There is one issue I suddenly realized and hope to seek f help from you again

If I understand correctly ,to make model comparison, prior must integrate to 1, so model solution should be able to be computed in ANYWHERE in the prior region. In other words, to make a comparison between in/determinacy model, if I build a determinacy model with dynare, the prior Must not cover indeterminacy region; if I build a indeterminacy model (following Farmer JEDC 2015), the prior Must not cover determinacy region.
The issue is that I can Never find VERY EXACT bound between determinacy and indeterminacy. For example, I know when 1<theta<=1.355 the model is determinate, while theta >=1.356 the model is indeterminate. However, the region 1.355<theta<1.356 must cover both indeterminacy and determinacy.
Under such circumstance , I am wondering if I can still make model comparison to see if the data favours indeterminacy or determinacy model, since to make prior integrate to 1, it seems that I have to ignore the possibility of theta falling in the region (1.355,1.356). Let me refer this way to be CASE 1.
CASE 1
So when I estimate determinate model, I set prior region to be [1,1.355];

``theta,  ,  ,  ,beta_pdf, 1.3, 0.1, 1, 1.355;``

When I estimate indeterminate model, I set prior region to be [1.356, infinity);

``theta,  ,  ,  ,gamma_pdf, 1.5, 0.1, 1.356,   ;``

Then compare the log data density to see which model is more supported…

If CASE 1 is NOT OK,
how about CASE2, where priors together cover [1,infinity), however at the expense of broking “prior integrate to 1” rule-------prior of determinacy model covers a [b] tiny [/quote]

region of indeterminacy, tinier than (1.355,1.356).

CASE 2
So when I estimate determinate model, I set prior region to be [1,1.356], ;

``theta,  ,  ,  ,beta_pdf, 1.3, 0.1, 1, 1.356;``

When I estimate indeterminate model, I set prior region to be [1.356, infinity);

``theta,  ,  ,  ,gamma_pdf, 1.5, 0.1, 1.356,   ;``

Could you tell me if Case1 or Case2 is fine or both wrong?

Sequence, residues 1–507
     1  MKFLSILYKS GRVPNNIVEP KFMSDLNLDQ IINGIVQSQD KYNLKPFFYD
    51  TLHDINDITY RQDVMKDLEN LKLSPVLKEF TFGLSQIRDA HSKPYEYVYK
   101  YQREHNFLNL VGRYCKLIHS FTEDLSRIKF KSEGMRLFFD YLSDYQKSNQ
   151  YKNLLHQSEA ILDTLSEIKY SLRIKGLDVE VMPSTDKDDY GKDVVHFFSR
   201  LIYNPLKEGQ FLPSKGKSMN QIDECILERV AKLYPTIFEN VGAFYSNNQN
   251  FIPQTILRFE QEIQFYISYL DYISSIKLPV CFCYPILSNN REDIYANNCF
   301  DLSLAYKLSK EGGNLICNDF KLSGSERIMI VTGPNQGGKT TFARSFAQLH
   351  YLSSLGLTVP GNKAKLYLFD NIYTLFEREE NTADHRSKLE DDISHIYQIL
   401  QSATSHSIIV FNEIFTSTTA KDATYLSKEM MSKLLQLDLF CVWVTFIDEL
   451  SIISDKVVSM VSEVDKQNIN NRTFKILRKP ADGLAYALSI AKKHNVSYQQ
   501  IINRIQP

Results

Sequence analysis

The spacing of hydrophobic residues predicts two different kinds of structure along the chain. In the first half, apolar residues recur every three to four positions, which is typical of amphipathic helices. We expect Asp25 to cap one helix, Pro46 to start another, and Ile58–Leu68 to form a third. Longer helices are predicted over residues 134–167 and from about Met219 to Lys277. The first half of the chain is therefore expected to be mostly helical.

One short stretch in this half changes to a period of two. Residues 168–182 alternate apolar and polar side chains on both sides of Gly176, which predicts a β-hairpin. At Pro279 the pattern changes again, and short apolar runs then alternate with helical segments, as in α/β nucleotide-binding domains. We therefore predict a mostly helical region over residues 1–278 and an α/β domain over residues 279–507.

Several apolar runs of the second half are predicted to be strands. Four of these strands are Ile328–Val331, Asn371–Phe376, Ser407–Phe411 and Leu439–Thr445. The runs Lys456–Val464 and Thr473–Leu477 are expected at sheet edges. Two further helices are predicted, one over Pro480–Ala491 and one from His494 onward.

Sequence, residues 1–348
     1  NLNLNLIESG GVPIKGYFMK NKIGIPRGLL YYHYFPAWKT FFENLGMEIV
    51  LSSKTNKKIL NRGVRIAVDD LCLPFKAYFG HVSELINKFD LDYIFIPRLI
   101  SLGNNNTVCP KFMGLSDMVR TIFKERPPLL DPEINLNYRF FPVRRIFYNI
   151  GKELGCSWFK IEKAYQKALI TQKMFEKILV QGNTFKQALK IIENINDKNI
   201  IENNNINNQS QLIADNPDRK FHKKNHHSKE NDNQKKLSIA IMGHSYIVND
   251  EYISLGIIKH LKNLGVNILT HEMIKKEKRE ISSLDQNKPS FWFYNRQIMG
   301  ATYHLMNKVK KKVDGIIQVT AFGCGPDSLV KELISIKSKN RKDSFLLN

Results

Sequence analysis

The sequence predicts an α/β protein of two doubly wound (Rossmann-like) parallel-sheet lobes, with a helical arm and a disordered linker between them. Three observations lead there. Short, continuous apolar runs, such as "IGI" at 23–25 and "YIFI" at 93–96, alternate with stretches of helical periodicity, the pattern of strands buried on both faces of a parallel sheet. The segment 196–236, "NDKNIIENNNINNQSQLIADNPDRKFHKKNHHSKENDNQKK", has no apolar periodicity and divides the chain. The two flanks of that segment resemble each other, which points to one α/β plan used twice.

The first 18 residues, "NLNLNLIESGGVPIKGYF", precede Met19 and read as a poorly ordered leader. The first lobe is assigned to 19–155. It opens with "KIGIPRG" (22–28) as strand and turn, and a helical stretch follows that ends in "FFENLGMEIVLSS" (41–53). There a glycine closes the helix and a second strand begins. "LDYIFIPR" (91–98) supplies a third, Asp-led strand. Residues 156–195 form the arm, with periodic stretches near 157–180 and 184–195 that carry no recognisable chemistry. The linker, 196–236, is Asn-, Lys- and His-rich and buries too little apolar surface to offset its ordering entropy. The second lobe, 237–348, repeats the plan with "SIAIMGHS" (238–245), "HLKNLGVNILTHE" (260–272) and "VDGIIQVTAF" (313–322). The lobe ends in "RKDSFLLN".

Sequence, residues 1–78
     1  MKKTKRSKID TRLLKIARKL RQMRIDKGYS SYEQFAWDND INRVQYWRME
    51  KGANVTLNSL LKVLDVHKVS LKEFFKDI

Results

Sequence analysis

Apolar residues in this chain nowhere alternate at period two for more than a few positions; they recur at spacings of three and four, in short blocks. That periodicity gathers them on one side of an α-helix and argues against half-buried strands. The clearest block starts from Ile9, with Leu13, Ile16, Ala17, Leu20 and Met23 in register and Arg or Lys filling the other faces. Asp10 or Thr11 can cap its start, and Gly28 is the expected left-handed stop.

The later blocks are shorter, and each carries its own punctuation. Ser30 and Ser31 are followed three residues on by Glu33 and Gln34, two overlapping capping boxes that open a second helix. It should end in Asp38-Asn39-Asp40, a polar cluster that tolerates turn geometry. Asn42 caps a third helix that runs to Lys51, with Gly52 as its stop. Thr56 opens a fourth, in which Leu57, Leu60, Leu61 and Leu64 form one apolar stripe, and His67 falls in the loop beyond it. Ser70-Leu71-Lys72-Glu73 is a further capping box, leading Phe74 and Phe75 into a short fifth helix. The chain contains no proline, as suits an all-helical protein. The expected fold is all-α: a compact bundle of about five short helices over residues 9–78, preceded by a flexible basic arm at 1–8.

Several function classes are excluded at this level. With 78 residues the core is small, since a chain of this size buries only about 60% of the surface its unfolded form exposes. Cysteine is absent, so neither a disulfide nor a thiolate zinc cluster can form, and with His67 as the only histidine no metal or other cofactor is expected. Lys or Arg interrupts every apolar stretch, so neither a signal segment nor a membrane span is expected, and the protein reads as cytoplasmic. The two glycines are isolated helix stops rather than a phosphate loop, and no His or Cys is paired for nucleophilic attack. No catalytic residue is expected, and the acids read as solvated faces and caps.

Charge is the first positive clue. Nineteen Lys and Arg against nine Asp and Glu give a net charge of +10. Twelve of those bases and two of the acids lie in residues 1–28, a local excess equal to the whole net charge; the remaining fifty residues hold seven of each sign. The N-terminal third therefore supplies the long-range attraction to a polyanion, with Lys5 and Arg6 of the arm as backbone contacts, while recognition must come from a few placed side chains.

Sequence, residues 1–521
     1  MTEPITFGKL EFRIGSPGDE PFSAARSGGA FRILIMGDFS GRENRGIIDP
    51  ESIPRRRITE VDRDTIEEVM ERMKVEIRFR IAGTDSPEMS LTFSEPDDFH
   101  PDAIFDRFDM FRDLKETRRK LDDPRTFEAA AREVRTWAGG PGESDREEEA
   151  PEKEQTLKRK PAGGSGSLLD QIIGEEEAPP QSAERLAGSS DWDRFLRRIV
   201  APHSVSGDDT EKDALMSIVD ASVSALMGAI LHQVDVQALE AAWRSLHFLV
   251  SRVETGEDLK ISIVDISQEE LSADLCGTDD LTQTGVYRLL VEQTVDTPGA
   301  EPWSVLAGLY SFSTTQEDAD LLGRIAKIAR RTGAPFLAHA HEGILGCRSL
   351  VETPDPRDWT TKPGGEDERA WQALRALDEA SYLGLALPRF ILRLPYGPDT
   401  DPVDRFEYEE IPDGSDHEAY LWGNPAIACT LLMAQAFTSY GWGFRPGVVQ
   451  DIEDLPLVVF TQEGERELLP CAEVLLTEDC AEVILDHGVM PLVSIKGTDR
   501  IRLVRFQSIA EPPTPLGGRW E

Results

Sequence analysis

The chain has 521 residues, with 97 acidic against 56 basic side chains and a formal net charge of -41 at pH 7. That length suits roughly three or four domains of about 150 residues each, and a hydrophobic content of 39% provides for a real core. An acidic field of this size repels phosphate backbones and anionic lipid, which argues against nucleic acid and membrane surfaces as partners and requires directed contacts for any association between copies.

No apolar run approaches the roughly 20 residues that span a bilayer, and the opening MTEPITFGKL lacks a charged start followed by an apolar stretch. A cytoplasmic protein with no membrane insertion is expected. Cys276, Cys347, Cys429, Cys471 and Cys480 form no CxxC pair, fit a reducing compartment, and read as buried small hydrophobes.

Best regards,
Huan

This is a tricky question. What you could try to do is mapping the determinacy region by sampling from the prior and seeing how many draws were rejected. You can then rescale the marginal data density accordingly. In the unstable version, this can be done with the prior_function command.

Dear Johannes,

In the AER paper “Testing for indeterminacy: an Application to US monetary Policy”, the authors estimate both indeterminacy/determinacy models using a same prior distribution for a key parameter(psi1), and the prior region (mean=1.1, std=0.5) covers both indeterminacy(psi1<1) and determinacy(psi>1). They also compare the log data densities for each case. Since the prior does not integrate to 1, is there any problem with the model comparison results here?

Huan

In this case, it is easy. If you know the boundary of indeterminacy region, you can just compute the cumulative prior density in the one part and the cumulative prior density in the other part and then scale the respective parts to integrate to 1 again for model comparison.

If I understand correctly, that is why the authors set prior distribution to make the probabilities of determinacy/indeterminacy are almost** equal **( 0.527 VS 0.473) so that they directly compare the log data density and do not need to scale any part any more?

No, that is why you need to know the share

so that you can scale.